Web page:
Luis Cordero Crespo

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Luis Benjamín Cordero y Crespo
Luis cordero crespo.jpg
14th President of Ecuador
In office
July 1, 1892 – April 16, 1895
Vice President Pablo Herrera
Vicente Lucio Salazar
Preceded by Antonio Flores Jijón
Succeeded by Vicente Lucio Salazar
President of the Provisional Government of Quito
In office
February 14, 1883 – July 9, 1883
Preceded by José María Sarasti
Succeeded by Rafael Pérez Pareja
Member of the Provisional Government of Quito
In office
February 14, 1883 – October 11, 1883
Personal details
Born (1833-04-06)April 6, 1833
Déleg, Cañar, Ecuador
Died January 30, 1912(1912-01-30) (aged 78)
Cuenca, Ecuador
Nationality Ecuadorian
Political party Progresistas
Jesús Dávila Heredia
(m. 1867; died 1891)

Josefina Espinosa Astorga
(m. 1896; died 1900)

Luis Benjamín Cordero y Crespo (6 April 1833 – 30 January 1912) was President of Ecuador 1 July 1892 to 16 April 1895. Corder was born April 6, 1833 in the Cañar province of Ecuador to parents Gregorio Cordero and Josefa Crespo. Cordero Studied at the Seminary High School in Cuenca, and later the Central University of Ecuador in Quito. In 1865 Crespo became a lawyer, arguing cases before the Supreme Court of Cuenca. After his career in law, Crespo began publishing poetry and in 1892 published the first Quicha-Spanish dictionary.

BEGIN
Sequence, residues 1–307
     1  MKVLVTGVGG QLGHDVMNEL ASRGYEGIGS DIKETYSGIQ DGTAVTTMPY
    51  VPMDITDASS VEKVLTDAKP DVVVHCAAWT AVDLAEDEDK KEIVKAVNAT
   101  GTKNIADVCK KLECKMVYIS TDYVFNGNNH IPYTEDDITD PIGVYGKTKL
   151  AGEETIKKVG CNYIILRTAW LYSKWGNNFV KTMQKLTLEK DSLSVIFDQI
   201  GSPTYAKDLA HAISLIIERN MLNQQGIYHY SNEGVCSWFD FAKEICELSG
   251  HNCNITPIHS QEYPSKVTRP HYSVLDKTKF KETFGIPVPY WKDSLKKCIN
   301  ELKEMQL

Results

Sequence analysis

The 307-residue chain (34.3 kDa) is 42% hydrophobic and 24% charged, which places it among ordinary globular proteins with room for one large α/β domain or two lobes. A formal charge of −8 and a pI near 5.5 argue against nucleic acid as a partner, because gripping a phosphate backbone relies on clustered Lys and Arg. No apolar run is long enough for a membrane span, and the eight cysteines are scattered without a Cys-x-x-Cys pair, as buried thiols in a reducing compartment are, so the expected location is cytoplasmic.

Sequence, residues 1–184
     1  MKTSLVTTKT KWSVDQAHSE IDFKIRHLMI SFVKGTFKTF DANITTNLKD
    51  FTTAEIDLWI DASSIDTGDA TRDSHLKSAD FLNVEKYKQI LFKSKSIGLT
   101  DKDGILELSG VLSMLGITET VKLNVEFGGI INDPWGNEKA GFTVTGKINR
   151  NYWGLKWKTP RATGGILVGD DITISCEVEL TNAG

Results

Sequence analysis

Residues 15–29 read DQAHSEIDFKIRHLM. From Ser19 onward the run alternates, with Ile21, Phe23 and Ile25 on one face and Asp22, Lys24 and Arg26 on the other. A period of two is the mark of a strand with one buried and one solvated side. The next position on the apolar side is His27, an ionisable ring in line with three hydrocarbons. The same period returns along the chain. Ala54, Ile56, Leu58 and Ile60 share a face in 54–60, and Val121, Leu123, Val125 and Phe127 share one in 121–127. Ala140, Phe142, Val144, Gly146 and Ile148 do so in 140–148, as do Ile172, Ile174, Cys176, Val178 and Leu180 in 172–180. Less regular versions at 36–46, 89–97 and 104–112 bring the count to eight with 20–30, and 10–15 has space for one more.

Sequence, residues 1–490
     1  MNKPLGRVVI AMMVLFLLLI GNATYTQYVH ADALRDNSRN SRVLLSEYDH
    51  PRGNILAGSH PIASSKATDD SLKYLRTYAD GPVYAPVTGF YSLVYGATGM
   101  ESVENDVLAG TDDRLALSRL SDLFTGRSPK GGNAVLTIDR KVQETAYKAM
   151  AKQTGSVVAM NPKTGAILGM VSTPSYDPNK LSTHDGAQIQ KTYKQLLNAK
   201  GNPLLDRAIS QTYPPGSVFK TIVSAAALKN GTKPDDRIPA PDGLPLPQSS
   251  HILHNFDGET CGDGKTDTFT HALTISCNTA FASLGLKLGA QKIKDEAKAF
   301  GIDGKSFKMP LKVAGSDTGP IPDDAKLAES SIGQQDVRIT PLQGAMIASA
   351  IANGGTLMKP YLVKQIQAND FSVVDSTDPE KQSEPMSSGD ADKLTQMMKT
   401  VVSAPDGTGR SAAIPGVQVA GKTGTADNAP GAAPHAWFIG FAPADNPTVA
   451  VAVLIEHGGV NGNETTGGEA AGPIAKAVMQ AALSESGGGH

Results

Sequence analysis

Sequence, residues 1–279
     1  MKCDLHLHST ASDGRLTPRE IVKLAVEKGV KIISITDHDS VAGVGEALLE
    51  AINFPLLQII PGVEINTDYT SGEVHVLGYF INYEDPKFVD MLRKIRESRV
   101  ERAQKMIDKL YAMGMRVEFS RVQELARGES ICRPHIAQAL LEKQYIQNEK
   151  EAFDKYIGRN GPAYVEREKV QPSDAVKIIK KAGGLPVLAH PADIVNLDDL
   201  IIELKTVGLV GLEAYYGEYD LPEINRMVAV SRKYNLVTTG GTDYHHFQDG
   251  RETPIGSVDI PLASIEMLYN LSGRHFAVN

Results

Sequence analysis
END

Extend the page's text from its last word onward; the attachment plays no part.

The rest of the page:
Political career

Luis Cordero was also a politician, serving as a member of the Progresistas, a liberal Catholic political party, and was a member of the provisional governing junta which led the Progresistas to power in 1883.

In 1892 Corder became president of Ecuador. Despite being a popular leader, Luis Cordero was forced to leave office following an international political scandal known as La venta de la bandera, or the sale of the flag. During the First Sino-Japanese war, the Ecuadorian ambassador to Chile sold weapons to Japan on behalf of Chilean businessmen, despite Chile's declared neutrality. The shipment was detained while sporting the Ecuadorian flag to cover for Chile's involvement, so the public blamed Cordero who, after a short armed conflict, was forced to resign. Former president and then-Governor of Guayas province, José María Plácido Caamaño, was discovered to be involved in the affair, so he was forced into exile where he died. In 1898 the Ecuadorian Supreme Court dropped all charges against Cordero after the Ecuadorian ambassador's involvement came to light.

Luis Cordero wrote poems in Spanish and Kichwa and published the first Kichwa-Spanish-Kichwa dictionary in Ecuador in 1892.


  • Dos cantos a la Raza Latina
  • Elogio de Malo y Solano
  • Poesías Jocosas
  • Poesías Serias
  • El Rimini llacta y el Cuchiquillca
  • El Adios
  • Luis Cordero (1892): Quichua Shimiyuc Panca: Quichua-Castilla, Castilla-Quichua = Diccionario Quichua Quichua-Castellano, Castellano-Quichua. Coleccion Kashcanchicracmi, 1, 427 pankakuna, 4th edition, January 1989, ISBN 9978-84-042-7

External links

  • Official Website of the Ecuadorian Government about the country President's History[permanent dead link]
  • ¡Rinimi, Llacta! – Poems of Luis Cordero Crespo in Quichua, with Spanish translation
Political offices
Preceded by
Antonio Flores
President of Ecuador
Succeeded by
Vicente Lucio Salazar

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